Sparta in Literature Criticism: Spartan Poetry - Essay

J. T. Hooker (essay date 1980)

(Classical and Medieval Literature Criticism)

SOURCE: Hooker, J. T. “Music and Poetry.” In The Ancient Spartans, pp. 71-81. London: J. M. Dent & Sons, 1980.

[In the following essay, Hooker examines the extant writings of the two outstanding Spartan poets of the seventh century, Tyrtaeus and Alcman.]

For the development of the visual arts at Sparta we now have a wealth of evidence, enabling us to trace the Spartan achievement in this field from Protogeometric down to the classical age. … By contrast, the remains of Spartan literature would fill only a very few pages. But these relics have a value out of all proportion to their bulk, both because of their intrinsic worth and because of the light they shed...

(The entire section is 4761 words.)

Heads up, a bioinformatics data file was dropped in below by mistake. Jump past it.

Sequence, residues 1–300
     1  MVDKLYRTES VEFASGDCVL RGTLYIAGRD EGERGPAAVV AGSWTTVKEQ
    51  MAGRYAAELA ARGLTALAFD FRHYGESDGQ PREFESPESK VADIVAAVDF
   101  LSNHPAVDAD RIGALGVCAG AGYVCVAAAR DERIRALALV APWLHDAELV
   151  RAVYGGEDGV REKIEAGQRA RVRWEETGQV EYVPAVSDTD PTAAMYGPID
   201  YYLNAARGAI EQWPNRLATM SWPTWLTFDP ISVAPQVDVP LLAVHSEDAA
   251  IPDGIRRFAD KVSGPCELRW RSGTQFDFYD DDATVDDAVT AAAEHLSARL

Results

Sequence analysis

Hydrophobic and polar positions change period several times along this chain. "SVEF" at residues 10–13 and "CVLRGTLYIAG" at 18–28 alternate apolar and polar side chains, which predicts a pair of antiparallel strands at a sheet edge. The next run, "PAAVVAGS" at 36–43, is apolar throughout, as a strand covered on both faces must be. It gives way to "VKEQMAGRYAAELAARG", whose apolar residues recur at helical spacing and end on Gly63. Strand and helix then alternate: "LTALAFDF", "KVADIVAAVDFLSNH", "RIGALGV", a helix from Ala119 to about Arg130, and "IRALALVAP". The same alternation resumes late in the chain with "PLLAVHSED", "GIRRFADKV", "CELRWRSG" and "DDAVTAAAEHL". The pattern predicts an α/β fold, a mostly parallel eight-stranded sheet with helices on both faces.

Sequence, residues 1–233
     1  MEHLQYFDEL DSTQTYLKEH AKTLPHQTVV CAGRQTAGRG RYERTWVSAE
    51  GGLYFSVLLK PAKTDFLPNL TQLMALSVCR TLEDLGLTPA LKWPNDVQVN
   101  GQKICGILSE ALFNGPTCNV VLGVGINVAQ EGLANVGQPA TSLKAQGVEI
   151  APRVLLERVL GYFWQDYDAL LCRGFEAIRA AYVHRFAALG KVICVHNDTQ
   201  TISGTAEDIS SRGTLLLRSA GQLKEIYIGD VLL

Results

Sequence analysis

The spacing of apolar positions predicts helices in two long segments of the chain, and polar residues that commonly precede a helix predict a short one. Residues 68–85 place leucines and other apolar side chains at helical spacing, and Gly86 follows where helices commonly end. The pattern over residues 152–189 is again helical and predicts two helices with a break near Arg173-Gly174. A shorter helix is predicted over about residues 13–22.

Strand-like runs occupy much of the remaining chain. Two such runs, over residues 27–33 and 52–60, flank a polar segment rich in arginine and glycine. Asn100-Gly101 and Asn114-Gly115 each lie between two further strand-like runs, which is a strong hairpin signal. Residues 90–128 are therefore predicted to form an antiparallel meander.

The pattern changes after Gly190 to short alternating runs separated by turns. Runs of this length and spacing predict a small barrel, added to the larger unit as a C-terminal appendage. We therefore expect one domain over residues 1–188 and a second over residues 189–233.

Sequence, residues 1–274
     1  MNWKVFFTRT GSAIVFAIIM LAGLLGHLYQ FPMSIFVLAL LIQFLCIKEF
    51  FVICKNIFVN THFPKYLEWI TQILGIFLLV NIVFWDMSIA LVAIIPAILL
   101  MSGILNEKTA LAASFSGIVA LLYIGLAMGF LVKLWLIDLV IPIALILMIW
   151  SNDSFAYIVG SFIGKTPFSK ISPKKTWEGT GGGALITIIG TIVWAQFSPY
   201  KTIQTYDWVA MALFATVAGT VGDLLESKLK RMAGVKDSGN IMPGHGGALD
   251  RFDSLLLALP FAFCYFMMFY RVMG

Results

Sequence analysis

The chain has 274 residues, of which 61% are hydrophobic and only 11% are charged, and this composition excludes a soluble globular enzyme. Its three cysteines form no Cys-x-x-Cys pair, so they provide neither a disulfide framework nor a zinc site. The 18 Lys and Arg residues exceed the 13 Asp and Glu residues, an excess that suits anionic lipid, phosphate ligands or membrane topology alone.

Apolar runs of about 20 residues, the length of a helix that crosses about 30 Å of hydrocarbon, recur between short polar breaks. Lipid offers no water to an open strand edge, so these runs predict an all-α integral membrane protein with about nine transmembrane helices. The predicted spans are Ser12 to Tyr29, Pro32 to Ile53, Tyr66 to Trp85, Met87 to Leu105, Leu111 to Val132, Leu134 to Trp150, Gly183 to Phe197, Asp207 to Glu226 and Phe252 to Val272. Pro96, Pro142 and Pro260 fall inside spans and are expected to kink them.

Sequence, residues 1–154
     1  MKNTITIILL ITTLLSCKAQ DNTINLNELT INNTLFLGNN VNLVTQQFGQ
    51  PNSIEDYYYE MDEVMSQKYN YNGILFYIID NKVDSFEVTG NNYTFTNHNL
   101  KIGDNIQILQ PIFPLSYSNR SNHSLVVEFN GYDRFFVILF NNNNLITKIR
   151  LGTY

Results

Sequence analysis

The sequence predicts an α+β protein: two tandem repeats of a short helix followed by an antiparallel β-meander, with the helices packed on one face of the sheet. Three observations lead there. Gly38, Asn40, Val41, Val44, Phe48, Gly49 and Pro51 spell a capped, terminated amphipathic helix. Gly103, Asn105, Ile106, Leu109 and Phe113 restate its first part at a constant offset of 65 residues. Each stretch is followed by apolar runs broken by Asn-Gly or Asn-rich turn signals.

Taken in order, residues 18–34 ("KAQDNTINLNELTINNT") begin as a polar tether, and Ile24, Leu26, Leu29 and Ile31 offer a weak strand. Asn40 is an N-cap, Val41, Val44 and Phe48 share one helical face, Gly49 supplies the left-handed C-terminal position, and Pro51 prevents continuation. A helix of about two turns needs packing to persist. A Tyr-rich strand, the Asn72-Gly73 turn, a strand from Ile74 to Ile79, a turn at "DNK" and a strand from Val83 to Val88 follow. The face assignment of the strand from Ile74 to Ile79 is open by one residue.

L. F. Fitzhardinge (essay date 1980)

(Classical and Medieval Literature Criticism)

SOURCE: Fitzhardinge, L. F. “The Poets.” In The Spartans, pp. 124-35. London: Thames and Hudson, 1980.

[In the following excerpt, Fitzhardinge concentrates on the poetic subjects and styles of Tyrtaeus and Alcman.]

Fairly extensive fragments have survived of the works of two seventh-century poets, Tyrtaeus and Alcman, who whether or not they were Spartan by birth were certainly so by adoption and interests.

Tyrtaeus wrote about the middle of the century, during and shortly after the second Messenian war. The Alexandrians had five books of his poems, containing martial exhortations, marching songs, and a poem known as Eunomia or ‘Good...

(The entire section is 5390 words.)